This guidance looks at procedures used for diagnosis or treatment. It considers if they are safe and work well enough for wider use in the NHS.
An interventional procedure covers a broad range of topics. It can include things like:
- making a cut or a hole to gain access to the inside of a patient's body, for example carrying out an operation or inserting a tube into a blood vessel
- gaining access to a body cavity without cutting, for example carrying out treatment inside the stomach using an instrument inserted via the mouth
- using electromagnetic radiation, for example using a laser to treat eye problems.
New guidance needed?
Anyone can tell us about a procedure for consideration. We want to know if there are:
- new or not well established procedures that you think we should develop guidance on
- established procedures that need to be reviewed and updated.
Our guidance lets you incorporate procedures that could provide significant health benefits into clinical practice in a responsible way.
You can search guidance by title or keyword and find information about guidance in development.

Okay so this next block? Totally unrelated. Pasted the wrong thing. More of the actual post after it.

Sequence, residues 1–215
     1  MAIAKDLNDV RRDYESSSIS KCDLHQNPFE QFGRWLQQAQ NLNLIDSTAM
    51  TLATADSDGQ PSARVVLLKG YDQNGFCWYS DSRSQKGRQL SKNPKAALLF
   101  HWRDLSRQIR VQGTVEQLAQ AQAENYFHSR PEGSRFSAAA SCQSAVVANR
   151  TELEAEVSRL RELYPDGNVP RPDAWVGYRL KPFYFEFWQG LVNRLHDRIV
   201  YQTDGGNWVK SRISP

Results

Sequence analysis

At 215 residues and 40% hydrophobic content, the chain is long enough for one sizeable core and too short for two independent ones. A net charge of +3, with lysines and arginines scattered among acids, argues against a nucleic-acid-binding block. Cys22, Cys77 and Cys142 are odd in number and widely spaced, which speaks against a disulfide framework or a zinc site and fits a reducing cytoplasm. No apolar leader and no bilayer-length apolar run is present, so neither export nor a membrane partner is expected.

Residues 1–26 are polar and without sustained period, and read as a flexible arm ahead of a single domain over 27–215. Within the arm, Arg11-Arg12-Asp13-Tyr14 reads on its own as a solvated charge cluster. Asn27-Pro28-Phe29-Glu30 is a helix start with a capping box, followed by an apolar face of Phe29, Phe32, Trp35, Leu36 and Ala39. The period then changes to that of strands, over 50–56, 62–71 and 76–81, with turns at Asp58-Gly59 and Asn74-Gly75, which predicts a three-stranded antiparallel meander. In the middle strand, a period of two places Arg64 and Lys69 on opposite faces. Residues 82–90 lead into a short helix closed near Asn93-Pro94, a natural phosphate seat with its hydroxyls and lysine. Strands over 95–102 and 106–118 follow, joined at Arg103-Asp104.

- who makes decisions
- a timeline of the process we use
- in-depth information on the process we use in our programme manual.
- the types we make
- where they apply
- whether they're mandatory.
- how to contribute to the development of guidance (PDF)
- versions of our guidance for patient and carers.
We use OPCS-4.9 for the classification of interventions and procedures. OPCS codes, or a link to them, are displayed on the overview page of guidance.
Discover more about procedures notified to us that aren't currently suitable for guidance development.
Safely introduce new procedures into your practice
Your organisation's governance lead should check if there's NICE interventional procedures guidance (IPG) for the procedure.
If an IPG exists, ensure that the procedure is done in accordance with the guidance.
If we haven't published an IPG for the procedure your organisation can still approve it as long as:
- the clinician has appropriate training and experience
- patients are made aware of the circumstances under which the procedure is being performed, and consent to this
- arrangements are made for data collection and clinical audit.
For more information read our summary of requirements for the NHS and clinicians (PDF).